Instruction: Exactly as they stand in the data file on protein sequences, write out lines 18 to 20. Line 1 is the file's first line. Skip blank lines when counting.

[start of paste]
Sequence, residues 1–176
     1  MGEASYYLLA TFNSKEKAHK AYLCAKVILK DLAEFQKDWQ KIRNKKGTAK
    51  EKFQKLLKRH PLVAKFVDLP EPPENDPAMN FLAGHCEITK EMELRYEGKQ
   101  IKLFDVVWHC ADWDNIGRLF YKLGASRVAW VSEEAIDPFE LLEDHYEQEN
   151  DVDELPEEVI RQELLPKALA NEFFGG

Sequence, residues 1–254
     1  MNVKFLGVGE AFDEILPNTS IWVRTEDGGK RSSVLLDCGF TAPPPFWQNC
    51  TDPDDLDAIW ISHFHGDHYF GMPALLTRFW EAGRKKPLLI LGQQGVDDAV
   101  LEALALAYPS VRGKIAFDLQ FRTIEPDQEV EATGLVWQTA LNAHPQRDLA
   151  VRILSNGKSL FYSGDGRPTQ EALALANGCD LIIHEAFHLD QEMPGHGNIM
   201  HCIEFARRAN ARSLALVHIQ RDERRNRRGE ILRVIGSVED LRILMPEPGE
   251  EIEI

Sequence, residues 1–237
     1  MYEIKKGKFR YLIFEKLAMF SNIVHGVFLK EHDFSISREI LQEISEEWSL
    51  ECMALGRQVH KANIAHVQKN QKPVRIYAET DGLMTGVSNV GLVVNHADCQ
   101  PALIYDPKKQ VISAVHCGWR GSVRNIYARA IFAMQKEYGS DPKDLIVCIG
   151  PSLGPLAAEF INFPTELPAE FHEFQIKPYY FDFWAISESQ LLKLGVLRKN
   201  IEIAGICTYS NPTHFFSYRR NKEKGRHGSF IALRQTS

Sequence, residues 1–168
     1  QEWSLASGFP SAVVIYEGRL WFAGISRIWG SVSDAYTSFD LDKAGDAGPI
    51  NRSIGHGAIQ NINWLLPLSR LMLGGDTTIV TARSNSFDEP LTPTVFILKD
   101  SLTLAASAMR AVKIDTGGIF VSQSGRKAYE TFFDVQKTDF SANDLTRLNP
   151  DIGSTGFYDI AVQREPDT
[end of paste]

   201  IEIAGICTYS NPTHFFSYRR NKEKGRHGSF IALRQTS

Sequence, residues 1–168
     1  QEWSLASGFP SAVVIYEGRL WFAGISRIWG SVSDAYTSFD LDKAGDAGPI